A. No. CPT Code 99358 and CPT Code 99359 are both listed as status code "B" in column D of the Medicare Physician Fee Schedule Relative Value File. Status code "B" means: "Bundled Code. Payment for covered services are always bundled into payment for other services not specified…." Title 8, CCR §9789.12.8.
Q. Are physician consultations covered under the new fee schedule?
A. Physician consultations are covered by the new fee schedule under title 8, CCR §9789.12.12. The regulations specify that consultation services shall be billed using the evaluation and management visit codes and the hospital care codes. The fee schedule follows the Medicare rule that the CPT consultation codes will not be used.
Q. Are consultation reports separately payable under the new fee schedule?
A. Under title 8, CCR §9789.12.12 subdivision (c) the following consultation reports are separately reimbursable: 1) consultation reports requested by the Workers' Compensation Appeals Board or the Administrative Director, 2) consultation reports requested by the Qualified Medical Evaluator or Agreed Medical Evaluator. Other consultation reports are not separately payable; reimbursement is "bundled" into the evaluation and management code.
Q. Are fees for chiropractor’s services governed by the new RBRVS-based physician and non-physician practitioner fee schedule?
A. Yes, the fee schedule sets the maximum reasonable fees for services rendered on or after January 1, 2014. The fee schedule regulation at title 8, California Code of Regulation section 9789.12.1 states in pertinent part:
(a) Maximum reasonable fees for physician and non-physician practitioner medical treatment provided pursuant to Labor Code section 4600, which is rendered on or after January 1, 2014, shall be no more than the amount determined by the Official Medical Fee Schedule for Physician and Non-Physician Practitioners, consisting of the regulations set forth in Sections 9789.12.1 through 9789.19 (“Physician Fee Schedule.”) … The Physician Fee Schedule shall not govern fees for services covered by a contract setting such fees as permitted by Labor Code section 5307.11.
(b) Maximum fees for services of a physician or non-physician practitioner are governed by the Physician Fee Schedule, regardless of specialty, for services performed within his or her scope of practice or license as defined by California law except:
(1) Evaluation and management codes are to be used only by physicians (as defined by Labor Code §3209.3), as well as physician assistants and nurse practitioners who are acting within the scope of their practice and are under the direction of a supervising physician….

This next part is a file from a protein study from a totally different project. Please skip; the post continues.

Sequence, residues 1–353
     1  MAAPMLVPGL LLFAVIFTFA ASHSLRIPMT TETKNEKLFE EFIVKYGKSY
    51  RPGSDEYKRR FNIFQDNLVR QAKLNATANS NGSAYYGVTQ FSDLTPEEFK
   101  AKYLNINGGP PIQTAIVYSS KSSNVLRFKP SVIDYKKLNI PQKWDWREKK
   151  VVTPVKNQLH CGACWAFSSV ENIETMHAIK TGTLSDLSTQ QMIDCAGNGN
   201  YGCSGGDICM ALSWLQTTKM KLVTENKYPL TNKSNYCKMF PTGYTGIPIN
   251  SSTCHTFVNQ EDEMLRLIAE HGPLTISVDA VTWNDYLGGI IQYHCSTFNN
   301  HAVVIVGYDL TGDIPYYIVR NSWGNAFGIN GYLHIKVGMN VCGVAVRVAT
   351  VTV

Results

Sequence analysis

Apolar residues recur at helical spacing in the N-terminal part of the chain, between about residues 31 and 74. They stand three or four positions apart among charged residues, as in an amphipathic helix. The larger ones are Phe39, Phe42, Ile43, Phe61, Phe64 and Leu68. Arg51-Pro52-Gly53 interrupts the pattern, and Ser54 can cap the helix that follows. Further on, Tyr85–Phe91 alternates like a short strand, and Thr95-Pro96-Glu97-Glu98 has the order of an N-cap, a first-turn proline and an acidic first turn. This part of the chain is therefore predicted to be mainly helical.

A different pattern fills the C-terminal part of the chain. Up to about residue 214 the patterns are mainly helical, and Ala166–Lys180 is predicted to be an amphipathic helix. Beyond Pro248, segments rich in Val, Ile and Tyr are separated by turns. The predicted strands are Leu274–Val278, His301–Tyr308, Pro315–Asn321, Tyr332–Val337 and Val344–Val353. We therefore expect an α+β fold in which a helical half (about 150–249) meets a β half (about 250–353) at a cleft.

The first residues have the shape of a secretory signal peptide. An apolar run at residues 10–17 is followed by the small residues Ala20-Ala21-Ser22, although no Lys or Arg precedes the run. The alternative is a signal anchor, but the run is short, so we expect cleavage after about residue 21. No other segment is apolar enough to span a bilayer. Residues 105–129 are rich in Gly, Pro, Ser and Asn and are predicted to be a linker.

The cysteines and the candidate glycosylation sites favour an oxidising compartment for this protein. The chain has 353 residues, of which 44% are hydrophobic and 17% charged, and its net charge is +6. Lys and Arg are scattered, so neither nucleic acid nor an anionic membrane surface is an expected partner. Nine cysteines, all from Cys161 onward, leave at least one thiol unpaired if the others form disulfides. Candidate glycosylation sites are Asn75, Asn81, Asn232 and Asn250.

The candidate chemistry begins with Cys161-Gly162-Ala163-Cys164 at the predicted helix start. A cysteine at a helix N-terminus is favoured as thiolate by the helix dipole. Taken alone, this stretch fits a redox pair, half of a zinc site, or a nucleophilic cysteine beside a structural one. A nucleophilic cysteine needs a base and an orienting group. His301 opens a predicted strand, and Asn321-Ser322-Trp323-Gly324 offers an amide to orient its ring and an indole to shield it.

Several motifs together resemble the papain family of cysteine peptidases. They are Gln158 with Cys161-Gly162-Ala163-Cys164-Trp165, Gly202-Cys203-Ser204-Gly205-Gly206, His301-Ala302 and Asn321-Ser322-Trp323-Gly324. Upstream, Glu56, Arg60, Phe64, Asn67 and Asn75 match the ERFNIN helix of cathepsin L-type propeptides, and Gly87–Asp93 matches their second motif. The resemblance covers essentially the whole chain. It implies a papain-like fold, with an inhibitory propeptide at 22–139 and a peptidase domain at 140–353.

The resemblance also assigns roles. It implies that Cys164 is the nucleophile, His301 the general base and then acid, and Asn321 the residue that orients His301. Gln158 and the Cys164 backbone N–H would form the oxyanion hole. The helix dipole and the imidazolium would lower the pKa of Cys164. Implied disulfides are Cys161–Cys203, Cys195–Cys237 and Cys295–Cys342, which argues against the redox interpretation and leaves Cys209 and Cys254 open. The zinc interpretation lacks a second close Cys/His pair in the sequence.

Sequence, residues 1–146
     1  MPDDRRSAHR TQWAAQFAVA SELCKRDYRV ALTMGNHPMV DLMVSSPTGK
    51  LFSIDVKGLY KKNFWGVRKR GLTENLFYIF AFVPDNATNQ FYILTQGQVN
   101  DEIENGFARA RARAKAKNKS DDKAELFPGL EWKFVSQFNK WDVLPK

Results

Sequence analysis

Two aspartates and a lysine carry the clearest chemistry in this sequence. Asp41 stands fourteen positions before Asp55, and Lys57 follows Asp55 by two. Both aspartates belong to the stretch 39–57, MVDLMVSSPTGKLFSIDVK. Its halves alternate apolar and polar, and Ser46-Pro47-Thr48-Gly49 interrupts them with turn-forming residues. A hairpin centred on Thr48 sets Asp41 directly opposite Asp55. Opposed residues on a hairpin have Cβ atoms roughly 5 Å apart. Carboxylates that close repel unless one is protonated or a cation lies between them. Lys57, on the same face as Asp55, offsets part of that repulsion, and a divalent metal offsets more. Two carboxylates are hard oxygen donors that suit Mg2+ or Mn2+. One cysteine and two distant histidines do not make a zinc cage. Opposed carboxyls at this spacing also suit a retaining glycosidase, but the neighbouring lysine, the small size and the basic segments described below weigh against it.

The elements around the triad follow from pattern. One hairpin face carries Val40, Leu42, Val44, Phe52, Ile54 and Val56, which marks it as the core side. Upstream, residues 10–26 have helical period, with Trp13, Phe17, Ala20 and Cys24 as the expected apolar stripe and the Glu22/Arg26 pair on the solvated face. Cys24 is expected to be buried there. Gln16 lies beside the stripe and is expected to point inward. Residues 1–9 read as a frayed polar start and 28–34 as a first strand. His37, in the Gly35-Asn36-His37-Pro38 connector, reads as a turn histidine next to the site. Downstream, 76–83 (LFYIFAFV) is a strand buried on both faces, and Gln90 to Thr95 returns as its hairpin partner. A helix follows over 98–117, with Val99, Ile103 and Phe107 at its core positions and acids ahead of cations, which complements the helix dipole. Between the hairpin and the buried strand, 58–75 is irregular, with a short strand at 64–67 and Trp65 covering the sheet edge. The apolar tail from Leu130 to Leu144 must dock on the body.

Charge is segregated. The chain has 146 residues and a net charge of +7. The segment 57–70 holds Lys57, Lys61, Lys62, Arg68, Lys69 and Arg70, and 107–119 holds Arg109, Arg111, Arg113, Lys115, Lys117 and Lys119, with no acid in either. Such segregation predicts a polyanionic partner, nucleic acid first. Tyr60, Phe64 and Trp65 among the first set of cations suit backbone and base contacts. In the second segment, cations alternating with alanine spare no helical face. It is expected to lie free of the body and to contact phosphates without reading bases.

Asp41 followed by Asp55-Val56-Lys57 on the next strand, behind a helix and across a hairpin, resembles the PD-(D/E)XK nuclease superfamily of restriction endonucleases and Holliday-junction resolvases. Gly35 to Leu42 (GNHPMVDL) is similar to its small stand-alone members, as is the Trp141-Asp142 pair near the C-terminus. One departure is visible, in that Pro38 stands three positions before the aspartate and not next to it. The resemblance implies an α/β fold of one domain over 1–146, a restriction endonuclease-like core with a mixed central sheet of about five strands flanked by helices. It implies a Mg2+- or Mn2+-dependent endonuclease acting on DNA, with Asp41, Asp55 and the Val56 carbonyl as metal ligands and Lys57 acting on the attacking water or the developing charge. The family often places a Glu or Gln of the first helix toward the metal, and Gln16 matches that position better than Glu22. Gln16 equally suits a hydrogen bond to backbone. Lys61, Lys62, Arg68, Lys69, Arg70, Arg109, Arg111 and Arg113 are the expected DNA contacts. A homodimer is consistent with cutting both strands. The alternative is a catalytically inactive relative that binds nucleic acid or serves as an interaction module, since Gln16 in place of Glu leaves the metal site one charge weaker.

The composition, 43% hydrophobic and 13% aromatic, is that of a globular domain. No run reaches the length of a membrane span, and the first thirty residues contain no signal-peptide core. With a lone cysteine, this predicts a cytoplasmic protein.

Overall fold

Pursuant to Labor Code section 3209.3 the term “physician” includes “chiropractic practitioners licensed by California state law and within the scope of their practice as defined by California state law.” The regulations relating to the scope of practice of California-licensed chiropractors can be accessed through the California Board of Chiropractic Examiners.
Q. Under Medicare, chiropractic care is very limited, and only manual manipulation of the spine is covered. Is this rule applicable to workers’ compensation?
A. No. The role of the chiropractor in the Medicare system is very different than the role of the chiropractor in the California workers’ compensation system.
In Medicare, coverage for services performed by a chiropractor is specifically and severely restricted as follows:
Coverage extends only to treatment by means of manual manipulation of the spine to correct a subluxation provided such treatment is legal in the State where performed. All other services furnished or ordered by chiropractors are not covered.
Medicare Benefit Policy Manual 100-02, Chapter 15 Covered Medical and Other Health Services, 30.5 - Chiropractor’s Services
In workers’ compensation, the chiropractor is statutorily defined as a “physician” and may be reimbursed for medically necessary services within his scope of practice. The fee schedule statute, Labor Code section 5307.1, subdivision (a)(2)(A)(i) states, "[e]mployer liability for medical treatment, including issues of reasonableness, necessity, frequency, and duration, shall be determined in accordance with Section 4600."